Chinese swimmer's flippers and blowhole suspicious, says top official

SOME Olympians may be heavily-disguised animals, it has been claimed.

The 16-year-old Chinese swimmer Ye Shiwen, who smashed records in the 400 metres medley, was last seen heading out to sea at speeds of over 80 knots with her coach on her back.

Olympic official Roy Hobbs said: “We’d hesitate to accuse a young girl of cheating when she’s achieved something so special, but we do need to take a look at her blowhole at some point.

“A younger swimmer can often improve dramatically over a short period of time without recourse to mindbendingly strong steroids but even the strongest attack of puberty doesn’t usually cause somebody to start communicating via a series of clicks and squeaks.

“I’m not being cruel about her looks, she’s far prettier than Frankie Boyle. But when a search of the changing rooms reveals a bucket of sprats and a zip-up rubber costume with a human face, something has to be done.”

Recent advances in prosthetics have made it easier to disguise non-human athletes. Earlier in the week Australian cyclist Tom Logan was revealed to be a wallaby following a crash.

Logan’s team mate Stephen Malley said: “When Tom hit the ground his face, which had always had strange angles and a rubbery sheen, split open to revel a broad hairy muzzle. However I wasn’t that surprised – absurdly large thigh muscles are par for the cycling course, but hopping and trying to mate with labradors less so.”

Meanwhile, Hobbs has urged Ye Shiwen to return to the Olympic village, saying: “There have been some shady-looking military types asking about her whereabouts. Somebody saw them in a conference room drawing sketches on a flipchart of a stick figure with flippers and a warhead strapped to its skull.”

The practice of entering animals into human events was first recorded at the 1936 Berlin Olympics, when a starting pistol caused British 200 metre runner Tom Booker to leap on his nearest competitor and start biting the man’s neck.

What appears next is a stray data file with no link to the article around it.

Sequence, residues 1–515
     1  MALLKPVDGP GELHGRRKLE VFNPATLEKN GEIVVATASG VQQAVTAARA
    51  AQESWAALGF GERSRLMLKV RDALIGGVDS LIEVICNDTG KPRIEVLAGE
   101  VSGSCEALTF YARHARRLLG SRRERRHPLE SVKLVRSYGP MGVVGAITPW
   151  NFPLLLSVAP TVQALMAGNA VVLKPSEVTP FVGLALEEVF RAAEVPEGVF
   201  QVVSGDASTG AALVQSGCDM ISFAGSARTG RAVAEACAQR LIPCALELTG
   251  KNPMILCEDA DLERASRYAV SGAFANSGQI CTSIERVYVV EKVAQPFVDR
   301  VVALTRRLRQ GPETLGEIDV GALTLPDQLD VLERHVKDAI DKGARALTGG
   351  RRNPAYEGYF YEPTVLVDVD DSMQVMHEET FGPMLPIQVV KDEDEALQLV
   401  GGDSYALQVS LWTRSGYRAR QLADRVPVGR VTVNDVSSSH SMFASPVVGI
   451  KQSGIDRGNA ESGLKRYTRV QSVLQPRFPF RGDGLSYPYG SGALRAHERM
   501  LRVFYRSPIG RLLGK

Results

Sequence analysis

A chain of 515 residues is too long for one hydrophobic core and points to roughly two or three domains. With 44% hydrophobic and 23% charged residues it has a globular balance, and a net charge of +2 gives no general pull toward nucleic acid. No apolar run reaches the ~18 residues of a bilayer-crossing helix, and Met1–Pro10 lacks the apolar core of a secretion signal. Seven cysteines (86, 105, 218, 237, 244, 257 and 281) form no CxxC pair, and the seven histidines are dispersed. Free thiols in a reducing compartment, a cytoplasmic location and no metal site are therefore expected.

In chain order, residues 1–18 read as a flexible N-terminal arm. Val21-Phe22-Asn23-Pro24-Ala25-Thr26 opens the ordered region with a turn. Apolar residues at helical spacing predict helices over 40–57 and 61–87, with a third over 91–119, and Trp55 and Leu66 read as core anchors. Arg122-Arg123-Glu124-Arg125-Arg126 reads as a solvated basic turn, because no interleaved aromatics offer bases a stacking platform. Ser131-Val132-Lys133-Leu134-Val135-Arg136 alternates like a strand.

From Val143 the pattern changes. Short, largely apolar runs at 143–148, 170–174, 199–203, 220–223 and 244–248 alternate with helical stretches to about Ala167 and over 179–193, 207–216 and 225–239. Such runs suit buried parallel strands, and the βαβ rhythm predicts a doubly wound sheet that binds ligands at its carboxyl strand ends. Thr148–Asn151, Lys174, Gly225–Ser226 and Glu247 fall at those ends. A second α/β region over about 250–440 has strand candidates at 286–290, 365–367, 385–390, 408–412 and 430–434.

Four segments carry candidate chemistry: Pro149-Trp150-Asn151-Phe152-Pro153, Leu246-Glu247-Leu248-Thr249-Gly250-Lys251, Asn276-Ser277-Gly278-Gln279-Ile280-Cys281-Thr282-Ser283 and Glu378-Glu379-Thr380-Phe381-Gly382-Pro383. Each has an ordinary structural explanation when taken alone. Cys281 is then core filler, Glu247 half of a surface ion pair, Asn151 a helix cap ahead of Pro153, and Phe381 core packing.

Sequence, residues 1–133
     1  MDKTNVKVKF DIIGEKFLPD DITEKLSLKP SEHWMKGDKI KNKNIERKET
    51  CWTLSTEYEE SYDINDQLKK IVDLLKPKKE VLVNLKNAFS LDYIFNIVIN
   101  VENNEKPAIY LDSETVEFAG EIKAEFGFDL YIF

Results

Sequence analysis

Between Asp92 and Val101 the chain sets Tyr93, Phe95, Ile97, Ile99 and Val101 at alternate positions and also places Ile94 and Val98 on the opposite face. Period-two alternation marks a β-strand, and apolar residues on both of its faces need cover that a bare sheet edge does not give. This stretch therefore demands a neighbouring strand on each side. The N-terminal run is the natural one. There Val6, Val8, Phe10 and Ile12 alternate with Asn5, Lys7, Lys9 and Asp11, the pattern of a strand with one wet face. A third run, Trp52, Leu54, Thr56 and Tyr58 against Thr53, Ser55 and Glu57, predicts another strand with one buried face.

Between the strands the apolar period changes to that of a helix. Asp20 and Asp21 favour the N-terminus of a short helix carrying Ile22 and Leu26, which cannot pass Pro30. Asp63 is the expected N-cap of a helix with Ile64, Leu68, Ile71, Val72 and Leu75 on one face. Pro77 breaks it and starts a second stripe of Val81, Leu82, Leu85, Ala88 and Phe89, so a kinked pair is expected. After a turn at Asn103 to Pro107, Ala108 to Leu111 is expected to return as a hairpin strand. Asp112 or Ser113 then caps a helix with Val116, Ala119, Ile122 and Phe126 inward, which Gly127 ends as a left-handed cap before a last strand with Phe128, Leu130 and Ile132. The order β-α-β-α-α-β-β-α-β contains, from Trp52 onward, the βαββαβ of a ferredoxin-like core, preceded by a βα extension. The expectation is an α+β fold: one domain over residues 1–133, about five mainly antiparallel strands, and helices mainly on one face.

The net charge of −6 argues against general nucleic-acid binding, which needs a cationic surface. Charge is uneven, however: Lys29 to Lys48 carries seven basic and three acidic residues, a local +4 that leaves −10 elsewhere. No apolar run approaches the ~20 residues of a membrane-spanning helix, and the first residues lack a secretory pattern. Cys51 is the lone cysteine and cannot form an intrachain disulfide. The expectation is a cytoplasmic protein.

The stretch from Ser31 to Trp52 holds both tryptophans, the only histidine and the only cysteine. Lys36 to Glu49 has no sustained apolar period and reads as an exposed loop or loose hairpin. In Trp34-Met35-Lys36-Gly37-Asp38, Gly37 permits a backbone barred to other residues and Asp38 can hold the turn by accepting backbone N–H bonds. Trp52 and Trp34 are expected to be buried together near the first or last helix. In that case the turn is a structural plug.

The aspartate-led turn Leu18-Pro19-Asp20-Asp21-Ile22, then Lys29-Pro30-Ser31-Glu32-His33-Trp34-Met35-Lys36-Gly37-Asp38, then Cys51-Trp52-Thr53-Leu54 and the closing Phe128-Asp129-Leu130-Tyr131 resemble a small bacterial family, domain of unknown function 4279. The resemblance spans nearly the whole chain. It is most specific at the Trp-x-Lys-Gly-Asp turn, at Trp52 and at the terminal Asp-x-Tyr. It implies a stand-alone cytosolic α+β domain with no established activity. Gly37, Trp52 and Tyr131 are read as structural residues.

After closer examination, Booker was revealed to be a cougar with a stick-on moustache.


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Danny Boyle to direct world-closing ceremony

TRAINSPOTTING director Danny Boyle is to helm the closing ceremony to mark the end of the world, with Paul McCartney headlining.

Olympics opening ceremony mastermind Boyle has been chosen to direct a multi-media spectacular to mark the End of Days in a specially-built Apocalypse Stadium near Norwich.

It will take the audience on a journey from the Earth cooling and forming a crust, then through the highlights of human civilisation before ending with a rousing rendition of The Beatles’ Hey Jude just as the planet explodes.

The End of the World ceremony is scheduled for December 21, which is when Mayan calendars predict Armageddon will occur – a theory scientists agree is strongly supported by economic implosion, Middle Eastern crises and the popularity of the Channel 4 series Embarrassing Bodies.

Boyle said: “It’s the end of the world, a once in a lifetime occasion – this isn’t a time for negativity.

“This is going to be a mega night with the planet’s history encapsulated by Chitty Chitty Bang Bang, dancing animals and Lisa Kelly from Ice Road Truckers.

“To add to the excitement, the world will not actually end until the last chorus of  ‘naah-nah-nah nah-nah-nah-naah’. In theory the final calamity could be deferred by hours, maybe days, depending on how Sir Paul’s throat holds up.

“Obviously it’s a intimidating challenge, but at least we’ll all be destroyed before the papers have a chance to slag it off.”

Music critic Tom Booker said: “When I heard the end of the world was coming my heart sank because I knew what it meant – Sir bloody Paul McCliché and his grand piano trundled out for bloody Hey Jude. Why not one of his more obscure tunes like Maybe I’m Amazed or Temporary Secretary?

“I suppose we at least ought to be grateful it’s not Robbie Williams doing Angels. Mind you, where are your angels now, eh, fatso?”

However, a local authority spokesman said that Sir Paul’s performance would have to end by midnight, otherwise the plugs would be pulled.

He said: “By-laws are by-laws, no exceptions.”